The monument that’s been sitting on the grounds of the state capitol for the past three years, that is. Yesterday, by a whopping 7-2 margin, the state supreme court took just a few paragraphs to rule that the monument has got to go because it violates Article 2, Section 5 of the state constitution, which reads:
No public money or property shall ever be appropriated, applied, donated, or used, directly or indirectly, for the use, benefit, or support of any sect, church, denomination, or system of religion, or for the use, benefit, or support of any priest, preacher, minister, or other religious teacher or dignitary, or sectarian institution as such.
The monument was paid for with private funds, so it was the public property (capitol grounds) that created the problem, having been used to support the Judeo-Christian system of religion. The Ten Commandments, said the court, “are obviously religious in nature and are an integral part of the Jewish and Christian faiths.”
Article 2, Section 5 is what’s come to be known as a Blaine Amendment,” after an amendment to the U.S. Constitution introduced in 1875 by Rep. James G. Blaine (R-Maine). The amendment was intended to end political efforts to secure funding for private religious schools, most of which were Catholic — and anti-Catholicism lay behind much of its support. While it narrowly failed to win congressional approval, versions of it were subsequently incorporated into a number of state constitutions.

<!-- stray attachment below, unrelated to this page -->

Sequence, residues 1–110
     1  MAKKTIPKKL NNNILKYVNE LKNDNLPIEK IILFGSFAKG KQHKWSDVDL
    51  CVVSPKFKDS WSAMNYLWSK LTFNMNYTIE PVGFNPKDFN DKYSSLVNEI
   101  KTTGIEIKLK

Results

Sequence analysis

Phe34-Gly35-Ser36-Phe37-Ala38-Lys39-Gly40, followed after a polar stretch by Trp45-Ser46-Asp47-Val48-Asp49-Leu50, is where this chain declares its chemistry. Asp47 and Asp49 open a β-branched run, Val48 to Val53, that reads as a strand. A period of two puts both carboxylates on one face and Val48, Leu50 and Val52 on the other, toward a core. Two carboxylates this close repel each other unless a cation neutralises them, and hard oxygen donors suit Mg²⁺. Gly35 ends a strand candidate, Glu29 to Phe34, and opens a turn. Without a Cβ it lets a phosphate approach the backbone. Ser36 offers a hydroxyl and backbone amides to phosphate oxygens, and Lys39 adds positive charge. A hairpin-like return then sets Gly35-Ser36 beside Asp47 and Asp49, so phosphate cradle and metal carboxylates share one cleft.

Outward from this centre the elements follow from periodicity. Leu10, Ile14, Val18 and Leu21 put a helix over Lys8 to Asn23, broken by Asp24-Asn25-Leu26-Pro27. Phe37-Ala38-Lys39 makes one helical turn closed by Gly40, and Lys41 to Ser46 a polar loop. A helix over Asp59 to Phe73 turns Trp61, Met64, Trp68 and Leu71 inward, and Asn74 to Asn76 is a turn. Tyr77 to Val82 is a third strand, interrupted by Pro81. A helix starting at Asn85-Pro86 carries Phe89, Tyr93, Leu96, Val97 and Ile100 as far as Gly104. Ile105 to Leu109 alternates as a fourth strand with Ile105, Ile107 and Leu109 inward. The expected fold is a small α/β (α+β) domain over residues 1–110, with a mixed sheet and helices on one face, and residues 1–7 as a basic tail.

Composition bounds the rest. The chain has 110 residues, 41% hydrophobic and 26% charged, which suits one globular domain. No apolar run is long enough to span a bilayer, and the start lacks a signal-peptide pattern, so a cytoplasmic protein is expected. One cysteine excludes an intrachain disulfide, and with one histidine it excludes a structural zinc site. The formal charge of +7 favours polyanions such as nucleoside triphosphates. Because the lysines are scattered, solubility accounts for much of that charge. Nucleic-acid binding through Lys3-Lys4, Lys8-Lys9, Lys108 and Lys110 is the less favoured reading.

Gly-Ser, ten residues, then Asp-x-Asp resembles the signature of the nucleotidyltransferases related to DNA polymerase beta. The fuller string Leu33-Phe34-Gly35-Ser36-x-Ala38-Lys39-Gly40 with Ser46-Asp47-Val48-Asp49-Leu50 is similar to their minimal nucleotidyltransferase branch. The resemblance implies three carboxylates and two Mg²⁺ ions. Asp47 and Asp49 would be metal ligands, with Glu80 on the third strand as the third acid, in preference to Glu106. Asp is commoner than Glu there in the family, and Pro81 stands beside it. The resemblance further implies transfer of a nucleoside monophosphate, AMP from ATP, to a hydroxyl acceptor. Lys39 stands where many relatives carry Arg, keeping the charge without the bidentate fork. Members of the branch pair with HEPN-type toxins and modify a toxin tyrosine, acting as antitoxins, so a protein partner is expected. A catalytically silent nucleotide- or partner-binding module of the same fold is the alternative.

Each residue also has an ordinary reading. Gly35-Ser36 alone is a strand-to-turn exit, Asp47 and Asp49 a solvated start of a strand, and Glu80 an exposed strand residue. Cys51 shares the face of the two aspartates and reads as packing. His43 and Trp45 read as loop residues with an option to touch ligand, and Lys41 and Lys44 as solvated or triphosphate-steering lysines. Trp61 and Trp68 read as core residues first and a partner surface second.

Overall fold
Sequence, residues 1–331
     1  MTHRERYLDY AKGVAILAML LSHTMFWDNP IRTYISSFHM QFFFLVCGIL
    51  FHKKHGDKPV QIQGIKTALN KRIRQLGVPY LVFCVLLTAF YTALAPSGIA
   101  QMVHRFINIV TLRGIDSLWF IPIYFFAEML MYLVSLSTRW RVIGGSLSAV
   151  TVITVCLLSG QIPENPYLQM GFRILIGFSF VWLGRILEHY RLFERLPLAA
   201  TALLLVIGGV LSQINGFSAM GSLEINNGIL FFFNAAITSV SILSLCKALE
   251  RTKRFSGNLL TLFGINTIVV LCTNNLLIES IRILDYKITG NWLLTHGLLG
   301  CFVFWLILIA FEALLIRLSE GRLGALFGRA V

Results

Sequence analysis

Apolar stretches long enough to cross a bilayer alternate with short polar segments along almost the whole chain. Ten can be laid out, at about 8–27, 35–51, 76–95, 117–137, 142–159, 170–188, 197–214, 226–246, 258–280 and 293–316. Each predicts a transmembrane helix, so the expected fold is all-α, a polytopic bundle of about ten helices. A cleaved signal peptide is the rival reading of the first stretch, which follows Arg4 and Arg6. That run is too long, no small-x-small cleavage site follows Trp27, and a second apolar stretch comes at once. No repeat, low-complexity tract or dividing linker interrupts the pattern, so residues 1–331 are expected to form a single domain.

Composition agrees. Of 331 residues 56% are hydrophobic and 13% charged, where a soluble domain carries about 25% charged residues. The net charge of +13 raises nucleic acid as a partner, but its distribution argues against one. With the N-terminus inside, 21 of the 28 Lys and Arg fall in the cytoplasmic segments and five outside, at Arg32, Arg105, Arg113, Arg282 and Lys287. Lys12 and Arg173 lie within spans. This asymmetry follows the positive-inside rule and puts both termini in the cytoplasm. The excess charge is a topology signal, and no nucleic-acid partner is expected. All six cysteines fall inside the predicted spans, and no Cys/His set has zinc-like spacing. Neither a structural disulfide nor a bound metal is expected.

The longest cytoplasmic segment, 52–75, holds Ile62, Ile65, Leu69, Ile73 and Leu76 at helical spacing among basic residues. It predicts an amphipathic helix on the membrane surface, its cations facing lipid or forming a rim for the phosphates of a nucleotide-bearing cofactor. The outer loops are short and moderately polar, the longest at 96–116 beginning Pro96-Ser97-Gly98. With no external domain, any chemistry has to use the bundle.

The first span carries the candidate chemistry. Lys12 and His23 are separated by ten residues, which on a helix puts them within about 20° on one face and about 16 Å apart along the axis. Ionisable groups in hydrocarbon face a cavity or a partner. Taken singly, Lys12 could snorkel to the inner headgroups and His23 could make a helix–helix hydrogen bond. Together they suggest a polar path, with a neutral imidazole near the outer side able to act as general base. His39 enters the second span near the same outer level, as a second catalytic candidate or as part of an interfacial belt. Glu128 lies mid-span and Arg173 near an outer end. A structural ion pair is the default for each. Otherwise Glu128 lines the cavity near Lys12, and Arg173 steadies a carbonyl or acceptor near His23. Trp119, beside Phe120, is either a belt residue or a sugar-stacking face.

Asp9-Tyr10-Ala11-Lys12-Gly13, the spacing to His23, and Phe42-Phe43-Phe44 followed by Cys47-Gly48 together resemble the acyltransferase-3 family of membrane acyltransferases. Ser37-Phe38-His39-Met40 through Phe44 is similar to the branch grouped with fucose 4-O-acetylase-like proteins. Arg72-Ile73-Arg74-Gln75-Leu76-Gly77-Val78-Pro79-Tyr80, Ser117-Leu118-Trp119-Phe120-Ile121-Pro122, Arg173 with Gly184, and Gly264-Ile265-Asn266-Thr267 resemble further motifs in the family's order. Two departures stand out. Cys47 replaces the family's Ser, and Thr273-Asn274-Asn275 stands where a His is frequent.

Among the latter was Colorado, where anti-Catholicism was in evidence when it wrote its first constitution the following year. The Colorado Supreme Court’s rejection of a county school voucher plan earlier this week dismissed the argument of voucher supporters that the provision should be ignored because of the Blaine Amendment’s bigoted origin, based on an earlier determination that “’constitutional provisions must be declared and enforced as written’ whenever their language is ‘plain’ and their meaning is ‘clear.’”
But while conservative advocacy organizations like the Becket Fund consistently use the anti-Catholicism at work in Blaine’s original amendment to delegitimize state Blaine Amendments, in many states there’s no evidence that anti-Catholicism played a role in their drafting. That’s the case in Oklahoma, which incorporated a “Blaine Amendment” into its first constitution as a federally mandated condition for statehood fully three decades after the original Blaine Amendment.
Responding with disappointment to the Oklahoma ruling yesterday, Gov. Mary Fallin and Attorney General Scott Pruitt claimed that the monument was merely intended to manifest the historical significance of the Ten Commandments. If historical significance is what they care about, perhaps they should instead celebrate Article 2, Section 5, both as a living memorial to the founding of their state and as a tribute to America’s first Baptists, who were devoted to strict church-state separation. In Oklahoma, Baptists outnumber every other religious group by orders of magnitude.